- As she was more than 13.5 years from her normal pension age on 1 April 2012 Kellie would not have received protection and so decided to transfer her accrued benefits from the 1995 section to 2008 under choice two.
- She joined the 2015 scheme and began to build her benefits. The McCloud Remedy will revert her to the 2008 legacy scheme for the remedy period of 1 April 2015 to 31 March 2022. At retirement she will be provided with comparison estimates to be able to decide whether to take the benefits during that period from the legacy or reformed scheme.
- Kellie has 20 years of final salary pension in the 2008 section and this will be linked to her reckonable salary at retirement, which means that she will benefit from any future pay increases.
- She will be able to draw her 2008 section benefits at age 65 and either draw her 2015 scheme benefits at the same time (they would be subject to an actuarial reduction) or leave them in the scheme until her state pension age of 67.
- If Kellie draws her benefits from the 2008 section and returns to work then, providing she has taken the appropriate break in service, she would be able to build up further benefits in the 2015 scheme. Kellie can also choose to draw down her 2008 benefits and 2015 scheme benefits and continue working without break so long as she has reached Minimum Pension Age and has a reduction in pensionable income/commitment of 10%. Whatever proportion of draw down is chosen needs to apply to both her 2008 and 2015 scheme accrual.
- Moussa is a 37-year-old staff grade doctor and was a member of the 1995 section before joining the 2015 scheme.
- Moussa was more than 13.5 years from his normal pension age in 2012 and therefore joined the 2015 scheme. The McCloud Remedy will revert him to the 1995 legacy scheme for the remedy period of 1 April 2015 to 31 March 2022. At retirement he will be provided with comparison estimates to be able to decide whether to take the benefits during that period from the legacy or reformed scheme.
- Moussa accrued 10 years of final salary pension in the 1995 section. This will be linked to his final salary at retirement, which means that he will benefit from any future pay increases.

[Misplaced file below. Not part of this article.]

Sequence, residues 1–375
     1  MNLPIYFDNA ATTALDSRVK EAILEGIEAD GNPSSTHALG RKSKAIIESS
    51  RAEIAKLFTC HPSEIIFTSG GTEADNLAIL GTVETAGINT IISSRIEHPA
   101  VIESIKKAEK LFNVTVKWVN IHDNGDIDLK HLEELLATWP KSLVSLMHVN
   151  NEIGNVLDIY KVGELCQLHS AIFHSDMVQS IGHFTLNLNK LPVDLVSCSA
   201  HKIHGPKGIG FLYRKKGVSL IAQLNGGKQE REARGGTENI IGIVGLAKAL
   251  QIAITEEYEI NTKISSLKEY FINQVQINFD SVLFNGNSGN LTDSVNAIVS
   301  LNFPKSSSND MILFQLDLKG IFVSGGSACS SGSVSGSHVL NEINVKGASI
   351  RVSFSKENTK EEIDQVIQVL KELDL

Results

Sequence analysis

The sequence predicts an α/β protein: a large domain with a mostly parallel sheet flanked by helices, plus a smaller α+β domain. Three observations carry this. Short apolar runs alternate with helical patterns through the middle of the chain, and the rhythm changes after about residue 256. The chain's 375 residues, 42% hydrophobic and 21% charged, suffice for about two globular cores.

- Moussa started to build up benefits in the 2015 scheme under CARE accrual.
- He will be able to draw his protected rights from the 1995 section at age 60 and either draw his 2015 scheme benefits at the same time or leave them in the scheme until his state pension age of 68.
- If Moussa draws his benefits from the 1995 section and returns to work he will not be able to build up further benefits in the 2015 scheme as retirement will be after 1 April 2023.
- If he draws his 2015 section benefits at age 60 (with his 1995 benefits) then the 2015 scheme benefits would be actuarially reduced. Moussa will also have the option to draw down his 1995 section benefits and will not then need a break in service so long as he has attained Minimum Pension Age and reduced his pensionable income/commitment by 10%. Whatever proportion of draw down is chosen needs to apply to both his 1995 and 2015 scheme accrual.
- Beatrice is a 21-year-old medical student who started work after 2015 and immediately joined the 2015 scheme. As Beatrice was not an active scheme member on 1 April 2012 she is not subject to the McCloud Remedy.
- Beatrice will accrue benefits under the CARE method and her state pension age is 68.
- She has a long time until retirement. Her normal pension age is likely to increase during her career if the Government increases the state pension age due to improving mortality rates.